Child maintenance payments stalled by go-slow at Magistrates Court

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Parents seeking to collect child maintenance funds and access other services at  St. John’s Magistrates Court are venting frustration over the go-slow staged by staff.
A source at the court told OBSERVER media that the action began on Tuesday with the cashiers.
OBSERVER media received several complaints from affected residents who say they have been turned away more than once when they went to receive payment made for child support.
“I am a single parent and thus my child is being fed through the court and for the month thus far I have not been able to get child maintenance money because the court’s employees are on strike,” one parent wrote.
“The Magistrates Court has been on strike all week and no service whatsoever is being offered to the general public; services like obtaining child maintenance cheques, etc. I have been to the St. John’s Magistrates Court three days this week only to be told they are closed to the general public,” the parent added.
The workers are protesting conditions created by a malfunctioning air conditioning unit that is leaking, as well as a rat infestation.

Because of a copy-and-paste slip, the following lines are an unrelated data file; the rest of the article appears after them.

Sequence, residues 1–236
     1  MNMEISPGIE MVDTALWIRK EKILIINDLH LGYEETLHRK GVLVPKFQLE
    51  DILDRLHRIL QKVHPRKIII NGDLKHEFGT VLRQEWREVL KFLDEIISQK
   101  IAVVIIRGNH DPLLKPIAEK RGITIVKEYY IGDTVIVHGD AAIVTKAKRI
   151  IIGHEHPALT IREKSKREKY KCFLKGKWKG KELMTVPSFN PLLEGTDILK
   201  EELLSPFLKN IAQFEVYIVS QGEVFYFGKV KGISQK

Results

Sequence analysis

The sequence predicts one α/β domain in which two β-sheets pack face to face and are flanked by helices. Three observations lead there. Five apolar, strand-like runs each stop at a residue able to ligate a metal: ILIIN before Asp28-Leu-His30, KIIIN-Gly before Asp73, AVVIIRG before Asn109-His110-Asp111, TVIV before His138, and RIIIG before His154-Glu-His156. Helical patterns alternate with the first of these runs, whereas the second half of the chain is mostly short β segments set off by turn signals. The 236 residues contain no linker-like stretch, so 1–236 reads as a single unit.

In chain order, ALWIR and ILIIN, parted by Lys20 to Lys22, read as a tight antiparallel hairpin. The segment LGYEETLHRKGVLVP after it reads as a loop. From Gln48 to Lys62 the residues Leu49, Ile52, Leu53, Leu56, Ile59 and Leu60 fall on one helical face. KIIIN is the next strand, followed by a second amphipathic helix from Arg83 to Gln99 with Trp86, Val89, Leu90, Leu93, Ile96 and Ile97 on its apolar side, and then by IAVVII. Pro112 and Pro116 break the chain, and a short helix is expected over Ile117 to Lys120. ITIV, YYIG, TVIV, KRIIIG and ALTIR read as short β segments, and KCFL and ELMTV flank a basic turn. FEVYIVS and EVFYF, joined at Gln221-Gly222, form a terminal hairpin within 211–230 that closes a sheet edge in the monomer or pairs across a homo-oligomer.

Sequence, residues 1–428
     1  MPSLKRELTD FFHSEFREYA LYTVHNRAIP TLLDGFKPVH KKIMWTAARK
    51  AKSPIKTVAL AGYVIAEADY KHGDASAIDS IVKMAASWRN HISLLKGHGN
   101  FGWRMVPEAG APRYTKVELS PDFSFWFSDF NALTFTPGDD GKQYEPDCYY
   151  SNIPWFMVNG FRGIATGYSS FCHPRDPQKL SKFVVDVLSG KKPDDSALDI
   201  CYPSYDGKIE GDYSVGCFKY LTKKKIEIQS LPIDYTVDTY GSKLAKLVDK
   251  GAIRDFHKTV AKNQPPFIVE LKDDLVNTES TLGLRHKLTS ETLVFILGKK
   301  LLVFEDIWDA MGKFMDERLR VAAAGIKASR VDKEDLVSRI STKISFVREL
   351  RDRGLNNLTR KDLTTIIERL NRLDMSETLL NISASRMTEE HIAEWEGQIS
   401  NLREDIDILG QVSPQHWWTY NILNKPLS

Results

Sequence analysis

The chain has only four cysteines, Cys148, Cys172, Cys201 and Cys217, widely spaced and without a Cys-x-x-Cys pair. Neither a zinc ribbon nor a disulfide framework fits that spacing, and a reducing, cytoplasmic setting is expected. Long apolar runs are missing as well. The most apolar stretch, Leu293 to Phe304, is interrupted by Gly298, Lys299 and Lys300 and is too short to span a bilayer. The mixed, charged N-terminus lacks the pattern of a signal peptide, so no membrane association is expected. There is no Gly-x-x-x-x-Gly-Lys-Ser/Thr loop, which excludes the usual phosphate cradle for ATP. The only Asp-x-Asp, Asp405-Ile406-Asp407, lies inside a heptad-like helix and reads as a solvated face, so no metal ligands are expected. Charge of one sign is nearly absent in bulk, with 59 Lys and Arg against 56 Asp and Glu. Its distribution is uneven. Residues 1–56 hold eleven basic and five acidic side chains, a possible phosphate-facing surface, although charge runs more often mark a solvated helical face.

The workers told our newsroom that they have been writing numerous letters for months now, but are yet to get relief.
They reported that both the Chief Magistrate Joanne Walsh and Attorney General Steadroy “Cutie” Benjamin, who are responsible for the court, are overseas.
The cashiers have only been accepting payment for bail.
The go-slow has been impacting those trying to access services at the High and Temple streets location, specifically mothers and guardians who have been going back and forth this week for child maintenance.
One woman said that she has been to the court all week only to be turned away empty-handed and no one is answering the listed telephone numbers at the court.
“Single parents like myself, who collect child support payments through the courts, are now unable to do so due to actions taken by the Magistrates Court staff. Now, I try to be reasonable and understand that the working conditions are not acceptable, but, this close to Christmas – what will some parents do? While I have a support system and a job, some are not as fortunate,” the parent said.

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